Prime Minister Tony Abbott has announced an increase in car industry assistance to help Victoria and South Australia manage the impact of the exit of major car manufacturers from Australia.
The original Growth Fund budget of $100 million previously announced in December following Holden’s decision to cease manufacturing in the country has been boosted to $155 million and now matches the contributions from the Victorian and South Australian governments.
“This $155 million growth fund will include money for skills recognition, money for employment services, money to help businesses transition to new markets,” Mr Abbott said, quoted in an AAP report.
“The objective as always is to maximise prosperity, maximise employment, to build on the inherent creativity of businesses … (and) it’s about helping workers to go from good jobs to better jobs.”
Mr Abbott said there will also be funding set aside for businesses that seek to innovate and a portion set aside for local infrastructure.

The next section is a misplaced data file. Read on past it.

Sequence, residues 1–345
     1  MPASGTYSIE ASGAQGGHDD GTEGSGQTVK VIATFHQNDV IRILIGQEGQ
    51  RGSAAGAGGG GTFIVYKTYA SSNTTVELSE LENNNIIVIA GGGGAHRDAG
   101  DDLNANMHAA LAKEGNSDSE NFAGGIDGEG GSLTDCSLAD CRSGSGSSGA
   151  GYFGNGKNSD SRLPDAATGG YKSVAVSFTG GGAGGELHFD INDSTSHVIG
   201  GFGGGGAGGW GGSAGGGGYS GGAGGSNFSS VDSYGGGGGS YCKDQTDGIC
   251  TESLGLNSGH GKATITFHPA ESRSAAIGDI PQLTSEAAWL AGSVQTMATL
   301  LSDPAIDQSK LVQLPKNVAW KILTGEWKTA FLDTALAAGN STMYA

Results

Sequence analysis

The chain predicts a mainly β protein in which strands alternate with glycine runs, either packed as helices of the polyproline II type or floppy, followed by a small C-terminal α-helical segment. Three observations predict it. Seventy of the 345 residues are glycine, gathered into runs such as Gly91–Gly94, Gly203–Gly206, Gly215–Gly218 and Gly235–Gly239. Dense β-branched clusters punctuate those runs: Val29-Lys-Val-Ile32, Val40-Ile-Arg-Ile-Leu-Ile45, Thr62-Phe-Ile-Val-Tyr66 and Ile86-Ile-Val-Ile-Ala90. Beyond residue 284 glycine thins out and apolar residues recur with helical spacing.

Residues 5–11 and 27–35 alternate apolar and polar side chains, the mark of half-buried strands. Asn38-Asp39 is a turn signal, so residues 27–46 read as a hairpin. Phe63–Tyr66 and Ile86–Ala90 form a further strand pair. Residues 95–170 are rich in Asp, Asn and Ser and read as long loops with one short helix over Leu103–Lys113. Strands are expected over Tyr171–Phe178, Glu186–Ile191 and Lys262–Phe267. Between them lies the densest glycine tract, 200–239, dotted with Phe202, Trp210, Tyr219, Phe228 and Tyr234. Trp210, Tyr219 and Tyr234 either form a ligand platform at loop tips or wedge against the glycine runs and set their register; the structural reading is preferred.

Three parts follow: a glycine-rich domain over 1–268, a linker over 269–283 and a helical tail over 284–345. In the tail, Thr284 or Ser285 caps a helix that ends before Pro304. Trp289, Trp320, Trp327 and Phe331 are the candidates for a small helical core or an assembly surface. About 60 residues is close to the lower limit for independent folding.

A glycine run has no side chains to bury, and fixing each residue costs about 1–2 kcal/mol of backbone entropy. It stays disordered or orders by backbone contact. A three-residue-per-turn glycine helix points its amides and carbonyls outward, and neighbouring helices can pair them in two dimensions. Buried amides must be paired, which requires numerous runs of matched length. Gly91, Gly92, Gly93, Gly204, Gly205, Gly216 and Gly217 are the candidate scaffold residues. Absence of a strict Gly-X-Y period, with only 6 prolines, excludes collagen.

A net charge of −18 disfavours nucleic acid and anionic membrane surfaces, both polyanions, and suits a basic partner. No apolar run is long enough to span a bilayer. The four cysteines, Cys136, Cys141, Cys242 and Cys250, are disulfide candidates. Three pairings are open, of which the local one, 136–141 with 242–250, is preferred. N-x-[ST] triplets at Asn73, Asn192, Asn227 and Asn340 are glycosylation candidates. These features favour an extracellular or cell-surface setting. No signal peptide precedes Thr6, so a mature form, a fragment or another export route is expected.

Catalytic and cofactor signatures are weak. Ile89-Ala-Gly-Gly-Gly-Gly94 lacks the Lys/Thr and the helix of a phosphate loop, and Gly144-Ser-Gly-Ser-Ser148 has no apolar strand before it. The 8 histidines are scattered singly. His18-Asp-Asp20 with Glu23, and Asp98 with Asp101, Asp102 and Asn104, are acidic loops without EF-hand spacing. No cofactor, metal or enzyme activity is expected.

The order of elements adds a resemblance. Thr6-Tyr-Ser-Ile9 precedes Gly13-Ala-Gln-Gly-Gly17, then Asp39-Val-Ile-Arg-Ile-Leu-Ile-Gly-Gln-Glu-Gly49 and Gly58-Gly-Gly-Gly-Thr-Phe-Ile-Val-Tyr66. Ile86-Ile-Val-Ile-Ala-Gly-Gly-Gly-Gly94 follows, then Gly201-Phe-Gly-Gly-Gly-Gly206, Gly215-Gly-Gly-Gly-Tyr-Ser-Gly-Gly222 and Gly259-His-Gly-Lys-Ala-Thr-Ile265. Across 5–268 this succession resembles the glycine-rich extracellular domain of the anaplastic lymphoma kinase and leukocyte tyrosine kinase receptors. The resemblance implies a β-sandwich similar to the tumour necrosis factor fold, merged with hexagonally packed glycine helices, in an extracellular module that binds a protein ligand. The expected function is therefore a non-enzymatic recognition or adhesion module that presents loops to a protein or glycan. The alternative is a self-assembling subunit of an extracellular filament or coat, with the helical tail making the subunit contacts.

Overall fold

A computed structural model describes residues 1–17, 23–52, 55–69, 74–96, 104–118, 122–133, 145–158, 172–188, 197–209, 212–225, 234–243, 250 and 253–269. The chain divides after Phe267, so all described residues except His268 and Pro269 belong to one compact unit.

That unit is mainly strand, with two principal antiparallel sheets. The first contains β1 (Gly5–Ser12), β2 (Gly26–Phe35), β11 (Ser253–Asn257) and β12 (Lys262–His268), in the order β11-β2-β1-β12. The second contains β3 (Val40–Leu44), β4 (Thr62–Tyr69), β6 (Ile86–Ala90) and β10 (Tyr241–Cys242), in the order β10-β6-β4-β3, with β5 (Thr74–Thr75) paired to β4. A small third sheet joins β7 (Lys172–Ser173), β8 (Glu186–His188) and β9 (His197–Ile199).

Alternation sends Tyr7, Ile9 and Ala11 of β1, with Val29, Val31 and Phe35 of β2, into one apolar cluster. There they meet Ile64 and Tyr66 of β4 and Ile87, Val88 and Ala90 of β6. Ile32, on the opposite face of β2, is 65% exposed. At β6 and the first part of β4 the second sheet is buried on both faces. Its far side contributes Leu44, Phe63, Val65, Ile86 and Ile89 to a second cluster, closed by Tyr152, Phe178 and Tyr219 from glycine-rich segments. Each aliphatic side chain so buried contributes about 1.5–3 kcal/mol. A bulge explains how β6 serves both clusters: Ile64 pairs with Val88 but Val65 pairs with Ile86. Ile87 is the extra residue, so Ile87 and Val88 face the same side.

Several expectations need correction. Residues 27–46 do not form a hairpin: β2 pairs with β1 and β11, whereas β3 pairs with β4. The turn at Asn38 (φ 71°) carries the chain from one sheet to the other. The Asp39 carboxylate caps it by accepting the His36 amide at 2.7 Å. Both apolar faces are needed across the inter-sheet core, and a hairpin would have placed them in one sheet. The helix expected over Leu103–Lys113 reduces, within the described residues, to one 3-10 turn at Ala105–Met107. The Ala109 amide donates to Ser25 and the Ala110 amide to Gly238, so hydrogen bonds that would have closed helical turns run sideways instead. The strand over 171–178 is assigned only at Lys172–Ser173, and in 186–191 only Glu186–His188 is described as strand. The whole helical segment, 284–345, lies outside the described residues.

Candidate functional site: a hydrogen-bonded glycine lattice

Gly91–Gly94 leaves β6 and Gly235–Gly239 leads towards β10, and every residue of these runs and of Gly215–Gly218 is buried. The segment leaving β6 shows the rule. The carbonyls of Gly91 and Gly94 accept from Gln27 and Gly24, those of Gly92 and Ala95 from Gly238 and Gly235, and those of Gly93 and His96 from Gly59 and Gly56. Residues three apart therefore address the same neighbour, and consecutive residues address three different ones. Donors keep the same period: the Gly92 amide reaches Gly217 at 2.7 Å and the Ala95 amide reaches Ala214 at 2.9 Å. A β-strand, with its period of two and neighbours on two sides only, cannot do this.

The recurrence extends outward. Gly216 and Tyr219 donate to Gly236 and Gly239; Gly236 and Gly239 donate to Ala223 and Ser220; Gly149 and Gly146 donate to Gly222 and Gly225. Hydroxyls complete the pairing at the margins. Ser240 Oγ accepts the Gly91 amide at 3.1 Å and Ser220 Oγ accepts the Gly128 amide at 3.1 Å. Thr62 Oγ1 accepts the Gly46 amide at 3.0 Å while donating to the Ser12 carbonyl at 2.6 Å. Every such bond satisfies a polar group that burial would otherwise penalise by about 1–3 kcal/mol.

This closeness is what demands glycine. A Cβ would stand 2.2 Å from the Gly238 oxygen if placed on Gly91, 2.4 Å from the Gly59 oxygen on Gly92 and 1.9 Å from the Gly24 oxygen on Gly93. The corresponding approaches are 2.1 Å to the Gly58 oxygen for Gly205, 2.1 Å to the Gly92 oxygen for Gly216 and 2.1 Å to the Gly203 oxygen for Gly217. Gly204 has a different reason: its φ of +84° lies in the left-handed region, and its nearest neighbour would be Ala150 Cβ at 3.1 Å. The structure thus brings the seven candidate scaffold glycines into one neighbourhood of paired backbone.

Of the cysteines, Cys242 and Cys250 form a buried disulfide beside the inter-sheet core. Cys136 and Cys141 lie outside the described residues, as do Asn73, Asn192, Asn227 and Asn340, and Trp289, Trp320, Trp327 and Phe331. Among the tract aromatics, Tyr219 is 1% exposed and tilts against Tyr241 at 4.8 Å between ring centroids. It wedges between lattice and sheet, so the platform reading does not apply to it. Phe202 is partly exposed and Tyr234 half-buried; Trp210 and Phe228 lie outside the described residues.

“We are committed to building a strong manufacturing industry in Australia that realises the significant opportunities to expand into new markets and create new jobs in areas where Australia has competitive strengths,” according to the joint statement released by the Prime Minister and Industry Minister Ian Macfarlane.
The Growth Fund includes:
- a $30 million Skills and Training Programme
- a $15 million boost to the Automotive Industry Structural Adjustment Programme
- a $20 million Automotive Diversification Programme
- a $60 million Next Generation Manufacturing Investment Programme; and
- a $30 million Regional Infrastructure Programme
“The Government’s plan to ease the transitions underway in the wake of the historic announcements to end automotive assembly in Australia is an important initiative that has the potential to make a real difference to the businesses and employees in the sector and those working in their immediate supply chains,” Australian Industry Group Chief Executive, Innes Willox, said in a statement.
“Assisting these employees to find new jobs and undertake training to widen their opportunities will have positive social and economic impacts.
While others welcome the funding, there has been a strong sentiment from unions and the opposition that the budget remains extremely inadequate.
The Australian Manufacturing Workers Union believes the increase to the car industry assistance package is at risk of being wasted if it is spent on training for jobs that don’t exist.
AMWU National Secretary Paul Bastian said there are almost no new manufacturing jobs being created to replace the th0usands that will be gone once car making ends in 2017.